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TV Repair: Can a Damaged LCD be Fixed?

written by: Daniel Barros•edited by: Ryan Tetzlaff•updated: 4/30/2015

If you have ever had your TV come close to death, this article lets you know what kind of damage is recoverable and what types are not.

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    When the Damage is Done...

    Damaging a flat-screen these days is a bit more difficult than you would think, but it is still the worst feeling when you realize that your thousand plus dollar investment might not work again. Unfortunately if you damage your TV there isn't much you can do by yourself. In some cases you may be lucky and be able to find a replacement circuit board, but besides that screen repair and electronics repair are out of the DIY realm...

    Below you'll find different symptoms TVs may exhibit and what the prognosis is. Keep it or start looking for a replacement?

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    The Screen

    TV 

    Dead Pixels

    The screen of a modern LCD is a technically complex beast. A grid is laid across the screen and at each intersection of this grid lies a pixel. The number of pixels on the screen will dictate the resolution of your screen. A 1080p screen uses 1,920 pixels across the horizontal plane and 1,080 pixels across the vertical plane; resulting in over 2 million pixels.

    Dead pixels are a common issue with TV sets. Sometimes the conductor or transistor behind the pixel will die out and will no longer be able to light up that pixel. A few dead pixels may be annoying but are not worth worrying about.

    Prognosis: Good. Annoying, but not a sign of imminent death. Some warranties will specifically say they will only fix TVs with a certain percentage of dead pixels.

    Scratches

    Like a dead pixel, a scratch in the screen will not likely result in any major issues - other than annoyances. Repairing a scratched screen is difficult and has the chance of making the screen worse. Your best bet is to turn on the TV, turn on a TV show or movie and see if you can notice the scratch - in many cases the scratch will only be noticeable if the TV is off. If the scratch doesn't bother you while watching a show, don't worry about it! Many products claim to be able to fix scratches, but these are usually junk products trying to make a quick buck.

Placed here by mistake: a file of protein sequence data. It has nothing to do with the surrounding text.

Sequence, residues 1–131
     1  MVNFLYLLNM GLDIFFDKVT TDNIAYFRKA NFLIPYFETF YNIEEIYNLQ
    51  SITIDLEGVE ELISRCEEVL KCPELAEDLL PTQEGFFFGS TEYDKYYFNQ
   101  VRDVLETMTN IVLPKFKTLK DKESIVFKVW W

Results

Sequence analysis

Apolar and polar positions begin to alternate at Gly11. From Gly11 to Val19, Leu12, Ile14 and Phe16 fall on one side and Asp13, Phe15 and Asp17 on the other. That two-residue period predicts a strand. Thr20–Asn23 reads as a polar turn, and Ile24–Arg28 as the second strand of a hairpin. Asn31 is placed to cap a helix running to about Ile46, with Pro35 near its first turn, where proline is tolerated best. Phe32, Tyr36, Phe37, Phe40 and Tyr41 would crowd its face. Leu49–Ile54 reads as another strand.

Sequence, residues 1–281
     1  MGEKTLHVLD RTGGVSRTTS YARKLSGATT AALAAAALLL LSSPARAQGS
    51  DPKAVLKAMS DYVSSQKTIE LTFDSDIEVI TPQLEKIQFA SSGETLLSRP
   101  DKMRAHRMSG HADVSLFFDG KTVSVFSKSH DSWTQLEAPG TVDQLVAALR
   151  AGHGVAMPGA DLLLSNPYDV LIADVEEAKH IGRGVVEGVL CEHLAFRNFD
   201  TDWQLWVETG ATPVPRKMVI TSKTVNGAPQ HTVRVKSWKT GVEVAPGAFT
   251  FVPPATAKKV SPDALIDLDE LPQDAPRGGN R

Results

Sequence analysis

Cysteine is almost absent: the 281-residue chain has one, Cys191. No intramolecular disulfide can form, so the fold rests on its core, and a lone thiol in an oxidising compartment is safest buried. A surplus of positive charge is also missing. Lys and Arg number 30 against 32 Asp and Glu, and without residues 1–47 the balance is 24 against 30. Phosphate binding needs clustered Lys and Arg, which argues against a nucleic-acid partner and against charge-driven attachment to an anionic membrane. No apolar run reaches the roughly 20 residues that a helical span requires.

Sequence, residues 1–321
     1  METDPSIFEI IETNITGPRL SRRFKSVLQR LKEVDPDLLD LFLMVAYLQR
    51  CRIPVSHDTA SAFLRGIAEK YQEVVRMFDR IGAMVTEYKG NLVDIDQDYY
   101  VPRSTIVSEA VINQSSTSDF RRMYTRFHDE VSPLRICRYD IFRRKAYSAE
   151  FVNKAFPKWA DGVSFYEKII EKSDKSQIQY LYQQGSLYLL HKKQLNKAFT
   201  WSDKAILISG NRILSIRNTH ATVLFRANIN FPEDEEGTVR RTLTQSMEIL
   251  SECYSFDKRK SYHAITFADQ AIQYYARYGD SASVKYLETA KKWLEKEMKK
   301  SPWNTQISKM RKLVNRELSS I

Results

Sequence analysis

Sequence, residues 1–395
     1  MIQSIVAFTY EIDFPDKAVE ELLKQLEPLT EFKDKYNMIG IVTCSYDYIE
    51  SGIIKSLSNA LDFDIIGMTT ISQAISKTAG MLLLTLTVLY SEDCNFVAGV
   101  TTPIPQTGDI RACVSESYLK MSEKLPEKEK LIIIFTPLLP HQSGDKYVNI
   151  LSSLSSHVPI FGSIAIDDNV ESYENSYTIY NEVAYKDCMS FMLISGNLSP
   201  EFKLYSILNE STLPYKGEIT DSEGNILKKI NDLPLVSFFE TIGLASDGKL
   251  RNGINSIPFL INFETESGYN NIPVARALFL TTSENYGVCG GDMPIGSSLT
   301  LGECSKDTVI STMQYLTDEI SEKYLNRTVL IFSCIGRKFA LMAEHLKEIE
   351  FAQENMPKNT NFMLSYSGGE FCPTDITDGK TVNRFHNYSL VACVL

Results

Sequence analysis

Prognosis: Good - again, the scratch may be annoying but in many cases won't be noticeable when a show is on.

    Broken Screen

    Oh boy.... you have a broken screen. The prognosis will depend on the type of break. Does the TV still function? If yes, you're in luck. If not, there isn't going to be much you can do. Screens are notoriously expensive to replace and typically can't be performed by the end consumer. It's definitely worth getting a quote from an authorized repair center but don't hold your breath.

    Prognosis: If the screen doesn't work anymore I'd contact a repair center but get your wallet ready. Keep in mind TV prices continuously drop so if you had a $3000 TV from 5 years ago, you can probably upgrade to a better TV today for half the price.

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    Electronics

    TVs are driven by complex circuity. TVs contain a small computer which regulates voltage, pixels and Smart TV apps - all of which require complex electronics.

    Failing Electronics

    If your TV won't turn on or the screen is increasingly dark, missing colors or looks psychedelic you've got electronics problems. The good news is that you can typically find replacement parts on sites like eBay. The bad news is that it is not a trivial matter to replace a circuit board. Some Smart TVs have upwards of 10 circuit boards - each controlling a different function. If you've not performed a repair like this, now is probably not the time to start.

    Prognosis: Your TV needs serious intervention - if you can manage to track down the exact problem and replace the correct circuitry you have a good chance of bringing back your TV. If not, a repair center may be your last resort. Again, prepare your wallet to be shocked.

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    Related Articles

    For more help and how-to tips, check out the Bright Hub articles How to Clean a Flat Screen TV or Monitor and How to Troubleshoot a DVD Player.

References

  • Samsung PN51E550 3D TV - Creative Commons - www.your3dcenter.com